An ALB Thought Leadership Series
In Africa, only 3 out of every 1 million people pursue an MBA. Globally, that number is more than 40 for every 1 million.*
Consider the above statistic, and combine it with research done by BusinessWeek showing that within 10 years of graduation, nearly 1,500 MBA graduates had collectively created almost 100,000 jobs.
Armed with that information, my MBA classmates and I started the Foundation for African Leadership in Business (ALB) three years ago with one intention: to create jobs in Africa by empowering Africa’s next generation of business leaders.
I’m pleased to say that ALB has awarded two full MBA scholarships to the International MBA program at IE Business School in Madrid, and we’re about to announce several more scholarships to leading MBA programs around the world. By creating scholarship opportunities for African professionals with a social conscience, we hope to achieve the following:
- bring the African perspective into the classrooms of MBA programs,
- change the way that the world’s future business leaders see Africa, and
- empower a new generation of African leaders who, while building their careers post-MBA in Africa, are also contributing to job creation and having amazing impact in their home communities.
Common Pitfalls Made By African MBA applicants
Working with Deans, admissions officers and financial aid professionals, all from the world’s top-ranked MBA programs, we’ve learned that most applications coming from Africa are weak. And the data backs it up. On average, Africans prepare less for the GMAT, have lower average performance and, according to admissions professionals, submit less than polished essays. The sad truth is that most African MBA applicants aren’t playing an A-game when it comes to applying to B-School.
Successful Steps Taken By African MBA applicants
Through African Leadership in Business’ (ALB) research with African students and graduates from top-ranked MBA programs, (many of whom have received scholarships), we’ve learned that successful African MBA applicants approach the process very differently. They’ve figured out that they are not competing for spots with other African candidates. They know that if they want to be a world class leader, they need to compete globally. So they stop paying attention to how their peers are preparing in Africa. They register early for the GMAT exam, they study, they seek advice from people who have gone to the top schools, and they highlight their uniqueness in their applications. They get strong recommendations from people who know their long-term goals, and they have clear long-term goals.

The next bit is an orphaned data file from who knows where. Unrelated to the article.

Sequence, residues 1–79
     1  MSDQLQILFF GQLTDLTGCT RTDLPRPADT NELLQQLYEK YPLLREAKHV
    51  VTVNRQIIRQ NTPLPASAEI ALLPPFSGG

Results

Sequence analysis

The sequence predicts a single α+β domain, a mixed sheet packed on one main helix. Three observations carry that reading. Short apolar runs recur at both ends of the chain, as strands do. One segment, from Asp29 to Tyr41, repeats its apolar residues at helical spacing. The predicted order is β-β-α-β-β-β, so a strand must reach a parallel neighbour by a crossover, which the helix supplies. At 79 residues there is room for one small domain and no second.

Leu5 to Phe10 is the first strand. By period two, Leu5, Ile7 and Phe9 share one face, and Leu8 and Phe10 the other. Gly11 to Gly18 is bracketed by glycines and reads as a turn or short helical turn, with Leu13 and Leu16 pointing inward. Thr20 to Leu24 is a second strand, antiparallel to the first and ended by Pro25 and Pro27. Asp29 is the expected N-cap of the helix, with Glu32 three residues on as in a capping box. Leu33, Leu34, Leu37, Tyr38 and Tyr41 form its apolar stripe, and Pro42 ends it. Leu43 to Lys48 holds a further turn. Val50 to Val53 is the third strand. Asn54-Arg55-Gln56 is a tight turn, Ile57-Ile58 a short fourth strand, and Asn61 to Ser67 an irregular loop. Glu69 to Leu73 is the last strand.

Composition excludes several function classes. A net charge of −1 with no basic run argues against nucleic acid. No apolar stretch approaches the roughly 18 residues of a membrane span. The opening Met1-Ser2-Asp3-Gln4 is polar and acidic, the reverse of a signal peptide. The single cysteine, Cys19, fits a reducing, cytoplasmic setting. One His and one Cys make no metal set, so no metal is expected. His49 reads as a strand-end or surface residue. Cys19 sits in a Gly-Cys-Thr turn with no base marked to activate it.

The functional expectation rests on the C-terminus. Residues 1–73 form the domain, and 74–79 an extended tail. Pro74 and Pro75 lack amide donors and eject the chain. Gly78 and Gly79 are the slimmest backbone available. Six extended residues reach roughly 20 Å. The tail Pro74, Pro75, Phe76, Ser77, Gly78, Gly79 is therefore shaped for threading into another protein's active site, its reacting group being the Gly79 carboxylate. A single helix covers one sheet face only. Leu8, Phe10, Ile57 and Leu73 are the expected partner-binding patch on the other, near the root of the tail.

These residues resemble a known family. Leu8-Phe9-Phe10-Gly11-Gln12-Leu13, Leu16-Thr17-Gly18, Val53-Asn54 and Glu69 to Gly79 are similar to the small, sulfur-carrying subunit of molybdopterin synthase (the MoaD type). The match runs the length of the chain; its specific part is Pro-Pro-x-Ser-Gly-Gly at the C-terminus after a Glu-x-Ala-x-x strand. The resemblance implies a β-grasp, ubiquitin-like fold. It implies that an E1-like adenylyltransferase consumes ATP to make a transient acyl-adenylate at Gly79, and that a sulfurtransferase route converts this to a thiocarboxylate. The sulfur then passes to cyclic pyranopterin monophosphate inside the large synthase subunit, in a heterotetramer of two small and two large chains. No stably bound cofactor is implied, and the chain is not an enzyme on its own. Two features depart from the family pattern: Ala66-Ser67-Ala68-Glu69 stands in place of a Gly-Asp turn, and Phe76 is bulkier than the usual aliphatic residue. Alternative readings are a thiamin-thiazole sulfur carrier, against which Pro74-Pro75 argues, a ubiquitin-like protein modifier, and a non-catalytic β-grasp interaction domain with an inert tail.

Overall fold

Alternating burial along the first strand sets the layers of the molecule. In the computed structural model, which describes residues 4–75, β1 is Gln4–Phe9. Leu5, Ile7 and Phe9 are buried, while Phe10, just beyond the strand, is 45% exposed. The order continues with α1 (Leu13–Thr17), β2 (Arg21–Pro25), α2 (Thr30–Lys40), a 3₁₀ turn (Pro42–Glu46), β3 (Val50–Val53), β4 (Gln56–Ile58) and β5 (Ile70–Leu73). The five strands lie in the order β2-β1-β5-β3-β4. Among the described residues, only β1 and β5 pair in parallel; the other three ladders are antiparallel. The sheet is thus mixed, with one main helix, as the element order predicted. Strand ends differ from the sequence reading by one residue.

Many successful African MBA applicants hire consultants to help them, but you don’t have to.
ALB’s Guide for African MBA Applicants
This is the first of ALB’s Guide for Potential African MBA Applicants. To make sure that we give you the tools to create the best MBA application possible, I’ve asked insiders to write for this series. Over the coming weeks, you’ll hear from:
- MBA Deans, about why they want more Africans in their classrooms, and what they are doing to make it a reality
- Representatives of GMAC (the company that writes the GMAT), on the secret to raising your score and resources for your success
- Admissions representatives, on how you can create a world class application
- Financial aid representatives, on scholarships, and what really matters
I’m excited to bring you the insider’s perspective, but more than that, I’m looking forward to seeing what you do with it. It is my dream that nine months from now, ALB will be flooded with quality scholarship applications demonstrating the truly extraordinary potential of Africa’s future leaders. I know it’s there, and I hope you will join me in showing the world that African professionals know better than anyone how to play the A-game.
*Based on statistics from the Graduate Management Admissions Council and estimates from the United Nations Population Division
Suzanne O’Brien, Founder and Executive Director, The Foundation for African Leadership in Business (ALB)
Suzanne founded and currently serves as Executive Director of the Foundation for African Leadership in Business (ALB) www.albfoundation.org. Her understanding of higher education, social media marketing, and business development have led the organization to partner with top-tier business schools and leading multi-national corporations, to create talent acquisition, retention and development programs for universities and corporations around the globe.
She is also on the board of MBA Women International and is a Founding Member of The HUB, a social impact accelerator in Los Angeles. She has served on the Graduate Management African Pipeline Advisory Group, along with representatives from top business schools.
Suzanne holds an MBA from IE Business School’s International MBA Program, and a Bachelor’s degree from Iowa State University.